Dangerous plant fungus infects man in first-known global case, doctors say
A man in India stumped doctors after his throat sores became documented as the world's first case of a potentially deadly fungal infection caused by plants.
The unusual pathogen, Chondrostereum purpureum, was discovered by DNA sequencing after various tests that could not identify the fungus, medical professionals at Consultant Apollo Multispecialty Hospitals in India wrote in the recently published journal Medical Mycology Case Reports.
Doctors diagnosed the 61-year-old with a throat abscess caused by the same culprit responsible for silver leaf disease in plants, particularly of the rose family, the study states. The man, who wasn't named, denied having worked with such a plant pathogen.
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Lactophenol Cotton Blue mount preparation showed round and tubular fungal elements. (Soma Dutta, Ujjwayini Ray)
He went to the emergency room after three months of suffering from hoarseness of voice, cough, recurrent soar throat, fatigue, difficulty in swallowing and anorexia.
Before the symptoms, the otherwise healthy man told doctors he was a plant scientist who had worked with decaying material, mushrooms and various plant fungi for a long time as part of his research activities.
The study indicated that the man's recurrent exposure to the decaying material might have caused this rare infection.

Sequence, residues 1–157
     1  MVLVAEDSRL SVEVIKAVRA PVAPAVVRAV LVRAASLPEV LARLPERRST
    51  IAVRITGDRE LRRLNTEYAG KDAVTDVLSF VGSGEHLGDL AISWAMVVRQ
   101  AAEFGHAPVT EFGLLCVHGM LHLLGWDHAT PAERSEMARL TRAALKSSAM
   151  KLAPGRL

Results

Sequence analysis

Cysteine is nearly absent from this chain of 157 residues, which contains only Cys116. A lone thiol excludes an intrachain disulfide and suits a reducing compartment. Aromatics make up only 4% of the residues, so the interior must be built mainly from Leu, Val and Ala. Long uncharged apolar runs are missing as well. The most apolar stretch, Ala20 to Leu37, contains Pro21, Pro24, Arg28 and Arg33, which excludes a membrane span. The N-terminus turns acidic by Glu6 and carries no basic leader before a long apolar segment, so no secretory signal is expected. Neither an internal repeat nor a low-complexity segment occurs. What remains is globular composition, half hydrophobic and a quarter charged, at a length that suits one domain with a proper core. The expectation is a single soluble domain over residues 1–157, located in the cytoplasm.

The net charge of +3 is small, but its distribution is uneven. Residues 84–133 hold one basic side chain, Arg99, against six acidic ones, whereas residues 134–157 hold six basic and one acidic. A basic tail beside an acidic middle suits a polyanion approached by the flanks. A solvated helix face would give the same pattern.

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Doctors performed a CT scan of his neck and found the abscess. After various testings, the fungus could not be identified, so it was sent to the WHO Collaborating Center for Reference & Research on Fungi of Medical Importance in India.
CT scan demonstrated the presence of a right paratracheal abscess (Soma Dutta, Ujjwayini Ray)
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After the abscess was cleaned up, the man was given oral antibiotics and had no evidence of recurrence since.
"Over the past several decades, multiple new pathogenic fungi have emerged," researchers were quoted in the study. "A notable emergence of the multidrug-resistant fungus Candida auris has spread all over the world and has become a significant threat."
The study's authors add that the worsening of global warming and other civilization activities "opens Pandora's Box for newer fungal diseases" in the future.